The Woodbury Tract was most recently owned by International Paper until the company decided to sell the tract as part of their divestment initiative. Recognizing the ecological value of the property, The Nature Conservancy worked with The Conservation Fund and the SC Department of Natural Resources (DNR) to make sure the land was protected. In the first collaboration of its kind, The Nature Conservancy and The Conservation Fund purchased an equal percentage in the property on behalf of DNR. Over the course of the next year, the project was awarded funds from the most prestigious grant programs across the country due to its incredible natural resources. Today, the Woodbury tract is an anchor of protected forests and wetlands that connect to Waccamaw National Wildlife Refuge, private lands under conservation easement, and The Nature Conservancy’s own Sandy Island Preserve a few miles downstream. "This has been a great partnership, committed to conserving South Carolina's natural heritage," said Mark Robertson, The Nature Conservancy’s South Carolina executive director, “Our partnership has accomplished something truly inspiring that will benefit generations of South Carolinians who love the state’s natural habitats and appreciate the recreational opportunities, the clean water, clean air, and abundant wildlife they provide.”
Continue on US-378/SC-763/Myrtle Beach HWY to Turbeville.
Stay on US-378/Turbeville Hwy.
Stay on US-378/SC-51.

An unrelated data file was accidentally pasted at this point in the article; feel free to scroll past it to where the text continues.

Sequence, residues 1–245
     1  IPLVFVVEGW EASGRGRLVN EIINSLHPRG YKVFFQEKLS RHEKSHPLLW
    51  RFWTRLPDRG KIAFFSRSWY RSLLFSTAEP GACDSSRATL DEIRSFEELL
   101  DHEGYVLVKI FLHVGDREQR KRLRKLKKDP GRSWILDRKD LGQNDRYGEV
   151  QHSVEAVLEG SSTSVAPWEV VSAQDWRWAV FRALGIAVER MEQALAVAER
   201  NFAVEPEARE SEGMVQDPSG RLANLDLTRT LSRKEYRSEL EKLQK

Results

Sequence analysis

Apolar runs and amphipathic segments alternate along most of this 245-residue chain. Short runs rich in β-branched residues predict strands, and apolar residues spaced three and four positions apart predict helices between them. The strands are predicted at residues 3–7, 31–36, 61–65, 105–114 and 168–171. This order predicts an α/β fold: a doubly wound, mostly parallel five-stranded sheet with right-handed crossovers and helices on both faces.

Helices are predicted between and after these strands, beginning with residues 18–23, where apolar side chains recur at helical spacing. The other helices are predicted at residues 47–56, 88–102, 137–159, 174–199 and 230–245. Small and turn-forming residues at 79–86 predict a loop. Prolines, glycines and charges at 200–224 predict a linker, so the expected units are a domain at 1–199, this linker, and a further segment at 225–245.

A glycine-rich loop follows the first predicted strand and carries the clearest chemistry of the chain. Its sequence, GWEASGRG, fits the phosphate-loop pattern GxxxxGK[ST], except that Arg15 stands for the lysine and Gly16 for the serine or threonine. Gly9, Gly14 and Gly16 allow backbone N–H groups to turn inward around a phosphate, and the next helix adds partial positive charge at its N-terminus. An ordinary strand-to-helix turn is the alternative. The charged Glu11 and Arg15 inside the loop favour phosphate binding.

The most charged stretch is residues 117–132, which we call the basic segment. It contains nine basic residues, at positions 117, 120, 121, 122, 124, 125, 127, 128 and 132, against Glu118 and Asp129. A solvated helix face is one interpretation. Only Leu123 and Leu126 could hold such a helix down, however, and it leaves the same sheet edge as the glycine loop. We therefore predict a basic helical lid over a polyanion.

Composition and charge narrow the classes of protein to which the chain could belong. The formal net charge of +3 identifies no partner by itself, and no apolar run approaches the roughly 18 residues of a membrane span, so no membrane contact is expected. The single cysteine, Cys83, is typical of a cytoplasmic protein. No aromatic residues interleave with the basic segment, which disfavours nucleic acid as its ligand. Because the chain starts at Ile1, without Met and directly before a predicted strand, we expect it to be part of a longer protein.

Stay on US-378/SC-41/E Myrtle Beach Hwy.
Stay on US-378 and turn right on Woodbury Road
Why You Should Visit
The Woodbury Tract Wildlife Management Area and Heritage Preserve, located in Marion County, is one of the largest habitat conservation purchases in State history. The property is thought to have been a place that Francis Marion (the Swamp Fox) used during his Revolutionary War campaigns. Also known as Brittons Neck, its location at the confluence of the Great Pee Dee and the Little Pee Dee rivers created a strategic thoroughfare for early Americans in the Pee Dee Region, and continues to draw visitors today. The property boasts an outstanding bottomland forest along the 27.5 miles of river frontage on the Great Pee Dee (a brown water system) and 11.5 miles on the Little Pee Dee (a black river system). Other habitats found at Woodbury include over a dozen Carolina Bays, a long sandy ridge supporting longleaf pine and loblolly pine forests, and other isolated wetlands. The forested wetland is home to the Kentucky warbler, Louisiana waterthrush, rusty blackbird, the swallow-tailed kite, and the Swainson’s warbler.
Bring your own water; there are no trash receptacles (take your trash with you); no public facilities; no plant, animal, artifact or any other natural or cultural material may be taken or disturbed; not wheelchair accessible; and insect repellent is recommended.